WE reported, in 1952, the occurrence of self-reversing thermo-remanent magnetism of the ferromagnetic minerals contained in the hypersthene hornblende dacite pumice of Mount Haruna, Japan1. The physical mechanism producing this particular phenomenon was at first considered to be one postulated by Néel2, that is, a magneto-static interaction during field-cooling, between two ferromagnetic phases (A, and B) with different Curie points (T cA, and T cB). We ascertained that the ferromagnetic minerals consist of two distinct phases, A being a cubic titanium-poor titanomagnetite (T cA∼ 500° C.) and B a rhombohedral solid solution between ilmenite and hæmatite 0.55 FeTiO3.0.45 Fe2O3(T cB∼ 200° C.)3. The abundance ratio of A, and B was found to be A/B about 0.02. Subsequent investigations have revealed that the ilmenite-hæmatite phase is the only constituent responsible for our reverse thermo-remanent magnetism; the titanomagnetite phase, although more abundant, is irrelevant to the phenomenon4.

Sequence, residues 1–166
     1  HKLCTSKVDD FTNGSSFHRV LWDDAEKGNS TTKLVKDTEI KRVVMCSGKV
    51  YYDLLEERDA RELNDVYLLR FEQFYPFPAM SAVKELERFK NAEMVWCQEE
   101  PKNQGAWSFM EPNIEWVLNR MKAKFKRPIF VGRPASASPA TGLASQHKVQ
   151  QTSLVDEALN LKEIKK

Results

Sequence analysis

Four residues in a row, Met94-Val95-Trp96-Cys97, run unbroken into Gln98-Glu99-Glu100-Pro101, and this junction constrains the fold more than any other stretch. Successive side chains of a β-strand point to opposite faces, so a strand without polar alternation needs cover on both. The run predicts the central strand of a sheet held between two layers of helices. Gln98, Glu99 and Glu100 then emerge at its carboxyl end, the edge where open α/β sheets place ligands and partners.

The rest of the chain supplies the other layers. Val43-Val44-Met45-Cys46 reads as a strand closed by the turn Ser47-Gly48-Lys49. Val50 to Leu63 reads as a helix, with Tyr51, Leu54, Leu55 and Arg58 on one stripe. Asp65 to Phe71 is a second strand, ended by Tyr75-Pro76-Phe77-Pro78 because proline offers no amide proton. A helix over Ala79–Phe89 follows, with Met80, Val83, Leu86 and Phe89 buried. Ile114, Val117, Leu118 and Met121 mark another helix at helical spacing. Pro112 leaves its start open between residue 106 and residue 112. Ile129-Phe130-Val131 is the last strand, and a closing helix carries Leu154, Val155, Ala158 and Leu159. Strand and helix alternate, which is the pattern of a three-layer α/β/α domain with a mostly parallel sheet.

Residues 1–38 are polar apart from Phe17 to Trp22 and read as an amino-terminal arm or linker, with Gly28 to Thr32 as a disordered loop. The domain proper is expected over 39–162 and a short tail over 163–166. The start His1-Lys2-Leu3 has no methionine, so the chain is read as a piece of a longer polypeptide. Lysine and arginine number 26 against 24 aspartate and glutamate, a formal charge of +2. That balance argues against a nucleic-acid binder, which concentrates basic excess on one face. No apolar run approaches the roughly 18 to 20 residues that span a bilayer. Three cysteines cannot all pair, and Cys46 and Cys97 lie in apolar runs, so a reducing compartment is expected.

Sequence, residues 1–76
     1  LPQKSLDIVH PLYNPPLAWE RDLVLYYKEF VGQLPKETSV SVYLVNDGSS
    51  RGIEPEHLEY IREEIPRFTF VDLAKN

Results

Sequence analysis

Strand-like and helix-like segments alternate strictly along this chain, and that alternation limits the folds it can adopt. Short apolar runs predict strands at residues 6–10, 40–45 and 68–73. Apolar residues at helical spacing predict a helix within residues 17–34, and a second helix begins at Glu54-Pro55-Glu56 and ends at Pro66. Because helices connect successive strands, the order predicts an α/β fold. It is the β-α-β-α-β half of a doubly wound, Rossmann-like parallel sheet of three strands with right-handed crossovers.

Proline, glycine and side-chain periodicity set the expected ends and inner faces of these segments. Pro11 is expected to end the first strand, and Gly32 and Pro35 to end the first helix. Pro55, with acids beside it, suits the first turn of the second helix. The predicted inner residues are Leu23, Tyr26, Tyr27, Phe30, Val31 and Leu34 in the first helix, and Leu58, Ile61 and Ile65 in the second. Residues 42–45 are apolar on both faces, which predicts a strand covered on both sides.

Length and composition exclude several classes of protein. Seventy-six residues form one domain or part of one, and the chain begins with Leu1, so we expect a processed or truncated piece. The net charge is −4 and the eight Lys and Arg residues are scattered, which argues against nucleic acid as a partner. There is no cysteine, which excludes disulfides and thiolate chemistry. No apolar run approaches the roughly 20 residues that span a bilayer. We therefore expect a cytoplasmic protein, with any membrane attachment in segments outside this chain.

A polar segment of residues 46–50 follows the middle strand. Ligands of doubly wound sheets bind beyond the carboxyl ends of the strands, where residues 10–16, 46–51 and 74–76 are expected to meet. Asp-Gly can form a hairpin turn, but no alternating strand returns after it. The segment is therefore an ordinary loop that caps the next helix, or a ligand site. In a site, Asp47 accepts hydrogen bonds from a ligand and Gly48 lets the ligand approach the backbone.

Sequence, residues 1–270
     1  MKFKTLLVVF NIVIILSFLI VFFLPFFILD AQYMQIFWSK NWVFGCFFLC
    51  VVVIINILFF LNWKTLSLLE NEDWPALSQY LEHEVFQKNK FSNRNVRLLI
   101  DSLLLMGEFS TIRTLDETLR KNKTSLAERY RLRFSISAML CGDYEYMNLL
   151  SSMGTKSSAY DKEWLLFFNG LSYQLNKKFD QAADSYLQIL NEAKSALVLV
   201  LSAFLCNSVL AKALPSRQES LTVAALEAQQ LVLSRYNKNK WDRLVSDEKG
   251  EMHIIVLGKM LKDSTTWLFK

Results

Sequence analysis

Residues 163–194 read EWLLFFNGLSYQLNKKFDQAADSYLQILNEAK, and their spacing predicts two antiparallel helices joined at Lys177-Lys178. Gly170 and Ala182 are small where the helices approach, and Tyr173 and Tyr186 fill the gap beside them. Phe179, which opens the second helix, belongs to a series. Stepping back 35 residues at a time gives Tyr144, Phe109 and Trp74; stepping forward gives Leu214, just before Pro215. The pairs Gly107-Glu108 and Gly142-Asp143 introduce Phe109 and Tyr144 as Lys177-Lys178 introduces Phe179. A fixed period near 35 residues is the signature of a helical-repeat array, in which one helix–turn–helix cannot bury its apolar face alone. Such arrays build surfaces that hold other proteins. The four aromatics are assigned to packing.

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NAGATA, T., UYEDA, S. Exchange Interaction as a Cause of Reverse Thermo-Remanent Magnetism. Nature 184, 890–891 (1959) doi:10.1038/184890a0
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